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|Articles - November/December 2013|
|Monday, October 28, 2013|
Page 4 of 5
Every other Thursday, a group of forward-thinking tech types meets at the Barn Light, a new coffee joint next door to Palo Alto Software, to strategize, share expertise and brainstorm new businesses. This year Eugene’s Chamber of Commerce invested almost $500,000 in angel investments across multiple companies. “We’re still in the earlier phases of the industry,” explains John Hull, a former venture capitalist who is currently executive director of the Business Innovation Institute at the University of Oregon. “Palo Alto Software is paving the way.”
That growth is part of a tech trend in Eugene and smaller cities outside of Portland. Over the last five years, there has been an increase in technology startups and technology-related business relocating to Oregon with Portland at its hub. But most recently, according to Newberry, other cities are benefiting from the presence of the Silicon Forest: the Columbia Gorge, Bend, Eugene, Corvallis, Medford and Ashland. Eugene, the second-largest city in the state, is starting to build a pool of software and engineering talent to support the startups moving in.
Palo Alto’s business-plan software isn’t exactly sexy. But its practical applications can’t be overstated. After taking a business course at Clackamas Community College, 59-year-old Shasta Bunnell started using the company’s LivePlan platform. “I always wanted to have my own business,” says Bunnell. “But as a young person, when I got to a point in the planning process, my lack of knowledge and skills held me back. I didn’t follow through.” Instead she worked as a cook for 35 years, eventually getting promoted to executive chef.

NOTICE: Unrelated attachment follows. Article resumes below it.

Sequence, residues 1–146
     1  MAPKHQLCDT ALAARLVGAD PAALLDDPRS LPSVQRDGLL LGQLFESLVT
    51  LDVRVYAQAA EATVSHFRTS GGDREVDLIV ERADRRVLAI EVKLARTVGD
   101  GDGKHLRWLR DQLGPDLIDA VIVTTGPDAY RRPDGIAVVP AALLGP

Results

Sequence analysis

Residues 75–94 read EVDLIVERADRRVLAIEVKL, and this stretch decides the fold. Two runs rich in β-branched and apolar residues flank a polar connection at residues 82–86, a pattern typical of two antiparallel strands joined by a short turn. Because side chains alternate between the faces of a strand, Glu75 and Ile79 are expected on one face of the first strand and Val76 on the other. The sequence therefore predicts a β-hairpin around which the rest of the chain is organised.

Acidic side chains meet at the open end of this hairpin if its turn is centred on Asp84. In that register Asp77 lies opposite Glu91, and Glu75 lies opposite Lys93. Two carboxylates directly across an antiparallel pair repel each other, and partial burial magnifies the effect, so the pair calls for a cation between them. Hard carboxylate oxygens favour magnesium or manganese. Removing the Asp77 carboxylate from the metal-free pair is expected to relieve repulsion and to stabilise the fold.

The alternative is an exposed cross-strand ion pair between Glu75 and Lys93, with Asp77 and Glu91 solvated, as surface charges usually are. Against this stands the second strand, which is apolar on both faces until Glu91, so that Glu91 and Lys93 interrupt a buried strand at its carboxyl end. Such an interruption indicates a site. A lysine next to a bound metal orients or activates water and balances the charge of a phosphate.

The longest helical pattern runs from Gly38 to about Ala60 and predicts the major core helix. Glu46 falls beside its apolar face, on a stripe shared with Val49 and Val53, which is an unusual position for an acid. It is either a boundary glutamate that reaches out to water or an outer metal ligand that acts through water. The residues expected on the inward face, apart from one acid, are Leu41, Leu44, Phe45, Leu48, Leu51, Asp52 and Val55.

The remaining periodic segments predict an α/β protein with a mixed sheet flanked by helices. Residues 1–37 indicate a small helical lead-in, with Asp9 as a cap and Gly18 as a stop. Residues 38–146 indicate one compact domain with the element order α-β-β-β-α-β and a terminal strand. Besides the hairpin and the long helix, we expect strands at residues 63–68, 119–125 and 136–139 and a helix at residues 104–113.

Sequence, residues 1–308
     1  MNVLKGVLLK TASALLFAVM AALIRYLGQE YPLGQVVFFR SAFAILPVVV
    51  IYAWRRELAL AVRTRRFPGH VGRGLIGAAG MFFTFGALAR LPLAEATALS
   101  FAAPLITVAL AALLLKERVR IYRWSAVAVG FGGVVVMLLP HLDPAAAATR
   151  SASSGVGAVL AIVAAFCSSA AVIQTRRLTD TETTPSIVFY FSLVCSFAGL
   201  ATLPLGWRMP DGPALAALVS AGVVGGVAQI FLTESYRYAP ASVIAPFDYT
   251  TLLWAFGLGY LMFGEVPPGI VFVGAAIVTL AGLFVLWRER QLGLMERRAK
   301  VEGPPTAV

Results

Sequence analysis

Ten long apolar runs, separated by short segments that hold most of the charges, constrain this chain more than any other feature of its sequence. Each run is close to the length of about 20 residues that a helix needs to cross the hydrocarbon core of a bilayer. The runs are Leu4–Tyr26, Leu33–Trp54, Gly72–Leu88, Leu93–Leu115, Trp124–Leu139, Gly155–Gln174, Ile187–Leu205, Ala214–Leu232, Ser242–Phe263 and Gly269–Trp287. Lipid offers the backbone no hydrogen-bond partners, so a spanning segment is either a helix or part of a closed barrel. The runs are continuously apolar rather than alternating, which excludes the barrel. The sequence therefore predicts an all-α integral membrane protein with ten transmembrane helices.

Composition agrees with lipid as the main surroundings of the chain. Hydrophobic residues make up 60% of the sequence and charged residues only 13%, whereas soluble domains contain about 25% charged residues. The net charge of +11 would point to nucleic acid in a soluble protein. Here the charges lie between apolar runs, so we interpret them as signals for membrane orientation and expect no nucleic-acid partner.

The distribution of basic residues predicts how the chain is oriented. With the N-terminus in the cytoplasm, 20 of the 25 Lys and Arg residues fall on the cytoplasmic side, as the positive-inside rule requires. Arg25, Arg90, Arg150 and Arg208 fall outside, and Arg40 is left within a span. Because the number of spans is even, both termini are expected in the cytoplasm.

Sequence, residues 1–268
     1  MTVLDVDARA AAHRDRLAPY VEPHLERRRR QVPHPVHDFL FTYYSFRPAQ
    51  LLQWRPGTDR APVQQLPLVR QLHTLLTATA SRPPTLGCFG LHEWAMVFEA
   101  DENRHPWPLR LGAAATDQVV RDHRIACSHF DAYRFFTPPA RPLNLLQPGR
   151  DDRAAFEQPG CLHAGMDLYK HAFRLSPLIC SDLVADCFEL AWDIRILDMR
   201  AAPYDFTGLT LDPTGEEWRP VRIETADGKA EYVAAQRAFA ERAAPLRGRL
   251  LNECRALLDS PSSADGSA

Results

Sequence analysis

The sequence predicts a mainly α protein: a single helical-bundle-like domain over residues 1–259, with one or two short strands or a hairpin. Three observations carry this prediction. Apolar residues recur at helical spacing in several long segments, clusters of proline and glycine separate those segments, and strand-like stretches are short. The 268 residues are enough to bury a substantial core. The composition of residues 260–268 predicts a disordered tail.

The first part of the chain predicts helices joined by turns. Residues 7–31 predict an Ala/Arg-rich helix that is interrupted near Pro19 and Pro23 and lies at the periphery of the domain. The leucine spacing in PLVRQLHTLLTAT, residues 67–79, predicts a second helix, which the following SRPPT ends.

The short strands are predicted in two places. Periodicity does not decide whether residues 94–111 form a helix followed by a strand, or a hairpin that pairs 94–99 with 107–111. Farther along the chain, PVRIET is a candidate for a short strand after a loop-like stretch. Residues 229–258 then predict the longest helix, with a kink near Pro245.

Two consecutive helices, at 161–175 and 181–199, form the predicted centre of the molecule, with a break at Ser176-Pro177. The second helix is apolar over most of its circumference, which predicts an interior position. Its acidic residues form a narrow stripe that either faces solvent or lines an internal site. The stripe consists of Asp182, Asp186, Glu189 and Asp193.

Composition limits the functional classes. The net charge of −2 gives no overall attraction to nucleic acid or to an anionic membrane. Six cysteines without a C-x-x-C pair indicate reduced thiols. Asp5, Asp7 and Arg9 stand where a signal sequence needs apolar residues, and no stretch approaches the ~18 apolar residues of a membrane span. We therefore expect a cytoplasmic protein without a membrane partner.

But now Bunnell has started an event-planning company, Custom Event Creations. “This plan helps you follow through. It challenges you to do the things you should be doing.”
Friday, June 06, 2014
BY KATIE AUSBURGER | OB GUEST CONTRIBUTOR
How to build a hipster-friendly work environment.
Tuesday, July 08, 2014
BY LINDA BAKER | OB EDITOR
The New Yorker recently published a sharply worded critique of “disruptive innovation,” one of the most widely cited theories in the business world today. The article raises questions about the descriptive value of disruption and innovation — whether the terms are mere buzzwords or actually explain today's extraordinarily complex and fast changing business environment.
Update: We caught up with Portland's Thomas Thurston, who shared his data driven take on the disruption controversy.
Tuesday, July 01, 2014
BY HANNAH WALLACE | OB BLOGGER
Demand for organic food continues to soar: Last year, sales of organic food rose to $32.3 billion — up 10% from 2012. In Oregon, organic produce wholesaler Organically Grown Co. has been championing organic growing methods for four decades.
Friday, June 13, 2014
BY CLIFF HOCKLEY | OB GUEST BLOGGER
This article summarizes the key considerations a building owner must keep in mind when thinking about leasing to a medical marijuana dispensary.
Thursday, June 26, 2014
Thursday, June 19, 2014
BY MONICA ENAND | GUEST CONTRIBUTOR
Nine tips for building habits among employees to respond when needed.
Monday, June 16, 2014
The Oregon economy could get a boost from a new trade agreement being negotiated between the U.S. and the European Union.
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Vigilant enters a New Year with a new president.
How George Fox has become one of Oregon's largest private universities.
Forest Grove sees growth in the burgeoning food and beverage scene.
Lane Powell Shareholder Susan K. Eggum has been elected as vice chair of programs and projects for the International Association of Defense Counsel’s (IADC’s) Employment Law Committee.
Geffen Mesher is saddened to announce the passing of long-time shareholder, Tom “Mike” Anderson, who died on July 10, 2014, from liver disease diagnosed after recent heart surgery. He was 55 years old.
Fifteen Lane Powell attorneys have been named 2014 “Oregon Super Lawyers,” and another five attorneys have been named as “Oregon Rising Stars” by Super Lawyers magazine.